• Muscle Overload: It is one of the main causes of hamstring strain. This happens when muscle is stretched too far beyond its capacity.hamstring-causes
  • Abnormal Movement: While running, sprinting, jumping, kicking, and lunging, many individuals pulls their hamstring due to abnormal movements or eccentric contraction of hamstring muscles.
  • Poor Sporting Mechanics: Over striding or stretching the hamstring muscle makes it vulnerable to strain or injury.
  • Improper Warm-up: Performing inadequate or insufficient warm-ups and stretching will also trigger pulls or strain in hamstring.
  • Muscle Imbalance: If quadriceps muscles are stronger than hamstring muscles, then it can lead to Even, hamstring muscles become fatigued and tired faster than quadriceps muscles.
  • Weak Muscles: If the muscles are weak i.e. hamstring and quadriceps muscles, then it will get damaged due to intensive sporting activities.
  • Improper training loads: High intensity activities should be performed at the start of the work-out otherwise hamstring may be pulled since they tend to fatigued quite quicker than other muscles. Sudden increase in sporting activities or workout will also cause hamstring injury.
  • Fatigue: Tiredness and exhaustion can make hamstring more vulnerable to get stretched or pulled because fatigue lessen the muscle’s energy-absorbing abilities.
  • Abnormal Lumbar Spine: If the lumbar spine or pelvic is poor or abnormal, the muscle around them also tends to become weak resulting in hamstring injury.
  • Slippery Playing Surface: Playing in wet and slippery surface will put more stress and strain on hamstring muscles due to fear of falling down or losing your balance. It will lead to hamstring injury.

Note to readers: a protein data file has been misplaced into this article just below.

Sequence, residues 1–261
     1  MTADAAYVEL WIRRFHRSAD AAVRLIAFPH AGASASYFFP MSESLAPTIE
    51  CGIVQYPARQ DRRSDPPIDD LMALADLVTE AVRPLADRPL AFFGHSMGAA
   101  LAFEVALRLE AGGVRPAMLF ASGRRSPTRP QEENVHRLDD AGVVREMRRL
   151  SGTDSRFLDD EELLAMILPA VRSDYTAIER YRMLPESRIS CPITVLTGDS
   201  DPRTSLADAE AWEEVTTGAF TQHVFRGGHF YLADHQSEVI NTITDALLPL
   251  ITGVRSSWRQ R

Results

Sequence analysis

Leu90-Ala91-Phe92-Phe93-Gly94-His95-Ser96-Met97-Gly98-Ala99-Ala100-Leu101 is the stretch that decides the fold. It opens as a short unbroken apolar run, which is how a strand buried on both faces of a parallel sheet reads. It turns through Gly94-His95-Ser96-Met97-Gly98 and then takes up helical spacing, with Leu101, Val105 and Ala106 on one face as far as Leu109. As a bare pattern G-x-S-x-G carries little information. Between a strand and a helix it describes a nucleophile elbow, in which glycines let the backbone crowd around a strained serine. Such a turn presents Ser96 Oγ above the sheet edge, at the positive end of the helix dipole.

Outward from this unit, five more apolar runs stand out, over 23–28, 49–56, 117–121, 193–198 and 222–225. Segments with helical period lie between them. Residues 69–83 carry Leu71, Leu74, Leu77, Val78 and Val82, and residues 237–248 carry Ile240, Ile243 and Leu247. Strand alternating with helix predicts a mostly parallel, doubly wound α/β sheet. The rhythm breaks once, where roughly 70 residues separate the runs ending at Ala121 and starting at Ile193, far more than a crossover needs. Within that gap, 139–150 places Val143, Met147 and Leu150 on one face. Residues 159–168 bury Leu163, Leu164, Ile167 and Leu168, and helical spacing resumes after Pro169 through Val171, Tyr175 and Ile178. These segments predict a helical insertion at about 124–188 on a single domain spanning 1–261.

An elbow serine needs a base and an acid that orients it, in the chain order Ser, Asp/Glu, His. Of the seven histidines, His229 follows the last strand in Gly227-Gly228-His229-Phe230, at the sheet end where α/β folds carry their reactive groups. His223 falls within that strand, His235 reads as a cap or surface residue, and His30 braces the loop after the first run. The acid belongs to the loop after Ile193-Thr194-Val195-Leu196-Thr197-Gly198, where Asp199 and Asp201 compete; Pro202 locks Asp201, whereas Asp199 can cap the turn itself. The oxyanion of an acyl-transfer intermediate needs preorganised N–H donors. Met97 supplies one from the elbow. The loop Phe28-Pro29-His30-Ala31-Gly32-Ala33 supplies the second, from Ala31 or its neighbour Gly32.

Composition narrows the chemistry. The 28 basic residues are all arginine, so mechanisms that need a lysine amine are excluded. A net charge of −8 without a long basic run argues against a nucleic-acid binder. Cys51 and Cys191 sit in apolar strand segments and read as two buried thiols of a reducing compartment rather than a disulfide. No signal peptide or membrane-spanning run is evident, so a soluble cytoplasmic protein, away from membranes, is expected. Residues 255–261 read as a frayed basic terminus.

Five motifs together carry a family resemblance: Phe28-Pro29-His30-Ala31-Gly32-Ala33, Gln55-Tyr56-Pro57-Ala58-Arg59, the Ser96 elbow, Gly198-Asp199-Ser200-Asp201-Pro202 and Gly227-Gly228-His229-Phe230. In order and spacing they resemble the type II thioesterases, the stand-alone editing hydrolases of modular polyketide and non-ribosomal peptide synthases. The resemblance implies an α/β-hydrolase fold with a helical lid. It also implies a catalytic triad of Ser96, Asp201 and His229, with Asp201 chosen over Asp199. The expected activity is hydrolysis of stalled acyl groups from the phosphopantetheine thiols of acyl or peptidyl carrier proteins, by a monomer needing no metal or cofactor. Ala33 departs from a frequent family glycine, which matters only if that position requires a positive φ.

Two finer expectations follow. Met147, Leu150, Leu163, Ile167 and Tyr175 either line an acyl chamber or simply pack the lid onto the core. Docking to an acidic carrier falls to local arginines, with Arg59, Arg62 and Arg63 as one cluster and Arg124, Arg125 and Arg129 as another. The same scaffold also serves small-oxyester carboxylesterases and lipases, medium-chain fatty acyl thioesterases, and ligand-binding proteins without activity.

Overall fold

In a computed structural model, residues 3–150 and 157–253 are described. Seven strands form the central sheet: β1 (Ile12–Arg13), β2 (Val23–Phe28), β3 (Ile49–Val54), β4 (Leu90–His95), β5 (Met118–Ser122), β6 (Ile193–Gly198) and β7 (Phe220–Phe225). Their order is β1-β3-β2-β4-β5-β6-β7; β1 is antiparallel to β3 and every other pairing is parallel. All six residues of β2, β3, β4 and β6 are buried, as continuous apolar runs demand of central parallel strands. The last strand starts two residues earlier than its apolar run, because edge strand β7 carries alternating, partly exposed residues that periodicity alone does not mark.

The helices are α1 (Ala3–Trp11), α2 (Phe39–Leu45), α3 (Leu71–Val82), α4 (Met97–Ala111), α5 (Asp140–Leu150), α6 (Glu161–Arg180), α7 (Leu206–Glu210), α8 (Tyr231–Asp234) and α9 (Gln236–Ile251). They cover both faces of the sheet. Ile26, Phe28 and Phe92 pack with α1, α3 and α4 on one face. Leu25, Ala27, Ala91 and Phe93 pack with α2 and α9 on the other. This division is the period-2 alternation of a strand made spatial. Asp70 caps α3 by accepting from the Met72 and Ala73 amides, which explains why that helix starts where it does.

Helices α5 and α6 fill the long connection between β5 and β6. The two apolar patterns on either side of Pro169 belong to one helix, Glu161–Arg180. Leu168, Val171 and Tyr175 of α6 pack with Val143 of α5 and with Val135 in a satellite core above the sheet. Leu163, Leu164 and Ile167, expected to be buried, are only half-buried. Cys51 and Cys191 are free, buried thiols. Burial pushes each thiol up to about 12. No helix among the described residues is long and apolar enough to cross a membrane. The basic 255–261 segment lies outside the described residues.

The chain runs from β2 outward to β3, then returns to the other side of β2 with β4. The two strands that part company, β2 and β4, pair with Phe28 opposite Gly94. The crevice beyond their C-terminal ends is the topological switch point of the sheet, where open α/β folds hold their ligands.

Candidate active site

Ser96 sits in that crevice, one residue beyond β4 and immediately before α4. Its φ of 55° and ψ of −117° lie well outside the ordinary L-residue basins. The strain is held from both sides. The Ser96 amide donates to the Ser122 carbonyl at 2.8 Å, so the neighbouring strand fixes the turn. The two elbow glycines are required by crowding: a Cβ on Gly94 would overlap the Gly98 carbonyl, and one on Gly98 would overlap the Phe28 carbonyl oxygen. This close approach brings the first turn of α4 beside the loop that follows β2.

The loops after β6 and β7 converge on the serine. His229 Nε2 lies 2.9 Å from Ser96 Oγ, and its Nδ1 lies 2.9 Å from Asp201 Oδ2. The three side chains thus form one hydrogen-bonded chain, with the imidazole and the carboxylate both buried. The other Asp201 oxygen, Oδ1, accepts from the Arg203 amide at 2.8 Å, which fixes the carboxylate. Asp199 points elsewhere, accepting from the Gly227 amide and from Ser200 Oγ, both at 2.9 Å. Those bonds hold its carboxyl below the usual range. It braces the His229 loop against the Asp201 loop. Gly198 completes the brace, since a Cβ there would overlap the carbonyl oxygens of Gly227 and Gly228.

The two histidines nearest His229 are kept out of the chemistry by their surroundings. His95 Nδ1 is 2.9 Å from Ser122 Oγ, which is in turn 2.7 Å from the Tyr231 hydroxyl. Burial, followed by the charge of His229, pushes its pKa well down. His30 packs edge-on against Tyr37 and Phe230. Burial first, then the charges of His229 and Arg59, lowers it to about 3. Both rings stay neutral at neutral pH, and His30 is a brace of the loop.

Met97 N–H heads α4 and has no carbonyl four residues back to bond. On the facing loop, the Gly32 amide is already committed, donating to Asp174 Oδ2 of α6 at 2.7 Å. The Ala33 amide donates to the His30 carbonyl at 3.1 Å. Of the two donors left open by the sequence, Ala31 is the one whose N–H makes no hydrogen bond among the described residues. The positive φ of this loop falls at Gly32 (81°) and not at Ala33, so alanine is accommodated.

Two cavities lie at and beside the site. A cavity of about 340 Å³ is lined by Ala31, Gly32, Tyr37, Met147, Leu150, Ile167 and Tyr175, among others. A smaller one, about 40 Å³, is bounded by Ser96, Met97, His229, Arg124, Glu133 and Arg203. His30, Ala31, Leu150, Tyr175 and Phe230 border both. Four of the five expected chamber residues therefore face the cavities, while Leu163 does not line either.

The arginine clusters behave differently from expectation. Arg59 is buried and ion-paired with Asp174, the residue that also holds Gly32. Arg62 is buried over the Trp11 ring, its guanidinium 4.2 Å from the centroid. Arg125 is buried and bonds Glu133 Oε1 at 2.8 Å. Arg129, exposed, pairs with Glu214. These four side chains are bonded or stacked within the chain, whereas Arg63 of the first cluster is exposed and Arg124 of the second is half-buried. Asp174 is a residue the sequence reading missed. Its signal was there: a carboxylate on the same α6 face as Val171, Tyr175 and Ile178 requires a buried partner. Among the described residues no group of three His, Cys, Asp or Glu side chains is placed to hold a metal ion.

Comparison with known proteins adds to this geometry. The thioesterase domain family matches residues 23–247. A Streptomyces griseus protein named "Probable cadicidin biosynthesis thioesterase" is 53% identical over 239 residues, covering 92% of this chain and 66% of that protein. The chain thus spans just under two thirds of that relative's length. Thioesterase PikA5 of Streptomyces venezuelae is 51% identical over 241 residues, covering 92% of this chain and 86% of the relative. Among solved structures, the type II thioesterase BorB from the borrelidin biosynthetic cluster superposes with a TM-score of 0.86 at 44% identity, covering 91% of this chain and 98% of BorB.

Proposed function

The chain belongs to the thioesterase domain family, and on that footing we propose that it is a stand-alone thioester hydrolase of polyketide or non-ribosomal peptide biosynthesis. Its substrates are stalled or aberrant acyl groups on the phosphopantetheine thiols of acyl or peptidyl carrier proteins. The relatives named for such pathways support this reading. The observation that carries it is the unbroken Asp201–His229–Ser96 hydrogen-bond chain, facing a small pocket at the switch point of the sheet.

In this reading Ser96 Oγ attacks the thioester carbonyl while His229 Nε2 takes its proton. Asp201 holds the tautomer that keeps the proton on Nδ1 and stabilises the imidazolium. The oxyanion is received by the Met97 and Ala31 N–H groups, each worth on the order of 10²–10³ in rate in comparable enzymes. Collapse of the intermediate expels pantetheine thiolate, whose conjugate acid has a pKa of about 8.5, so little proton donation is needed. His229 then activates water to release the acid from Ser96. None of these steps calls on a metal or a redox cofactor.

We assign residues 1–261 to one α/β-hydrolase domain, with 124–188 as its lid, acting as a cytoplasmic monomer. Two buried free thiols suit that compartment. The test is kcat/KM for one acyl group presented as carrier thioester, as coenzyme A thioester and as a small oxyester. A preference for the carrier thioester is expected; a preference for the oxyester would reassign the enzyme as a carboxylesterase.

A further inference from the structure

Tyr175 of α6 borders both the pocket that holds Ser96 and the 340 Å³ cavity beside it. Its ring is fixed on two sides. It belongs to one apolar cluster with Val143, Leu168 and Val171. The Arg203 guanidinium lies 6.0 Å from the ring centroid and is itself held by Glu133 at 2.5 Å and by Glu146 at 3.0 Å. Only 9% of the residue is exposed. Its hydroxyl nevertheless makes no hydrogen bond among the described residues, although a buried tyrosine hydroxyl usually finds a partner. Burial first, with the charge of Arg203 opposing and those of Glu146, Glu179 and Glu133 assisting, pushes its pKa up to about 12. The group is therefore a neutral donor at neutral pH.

• High Intensity Sports: Individuals involved in high intensity and power sports or activities are most likely to get affected with hamstring injury such as football, soccer, basketball, rugby, hockey, cricket, running, sprinting, hurdles, marathon runners, dancers.
  • Sudden Growth Spurt: During teenage years, bones grow faster than muscles resulting in imbalance and prone to hamstring injury.
  • Difference in length of legs: Some individuals have leg length difference i.e. one leg is smaller than other normal leg. In this case, the short leg has tight hamstrings muscles while the normal leg have normal hamstring muscles. This lead to disparity in legs and will most likely result in pull or strain.
  • Weak Body Parts: Tight hip flexors and weak muscle of butt also causes hamstring injury.
  • History of hamstring injury: If any individual have already pulled his or her hamstring in past, then there is greater possibility of this condition to recur.

Diagnosis of  Hamstring Injury: Doctors will check the location of pain and intensity of swelling to determine the accurate the accurate problem. They will conduct physical test and discuss medical history, exercise schedule, sporting activities, workouts, etc in detail.

X-rays are extremely effective in checking any bone detachments i.e. avulsion fracture. Ultrasound and MRI can provide ample pictures of tears in your hamstring muscles and tendons.

Treatment of  Hamstring Injury:

Proper treatment and rehabilitation is extremely necessary for healing hamstring injury. The treatment varies greatly according to the grades, types and severity o the tears and strain. However, some of the most common and effective treatment methods for hamstring injury are:

  • R.I.C.E.: The PRICE formula is extremely effective in controlling pain, swelling and bleeding. The acronym stands for protect, rest, ice, compress and elevate.
    • Protect: Protecting the knee from further injuries is most important part of treatment. Avoid aggravating activities that can increase the pain.
    • Rest: Take a short break from daily activities to allow the hamstring injury to heal naturally. Doctors always suggest rest or immobilization for one week or so. Some cases of severe hamstring injuries requires extended period of rest. Keep your leg in still position. Don’t put extra weight on hamstring.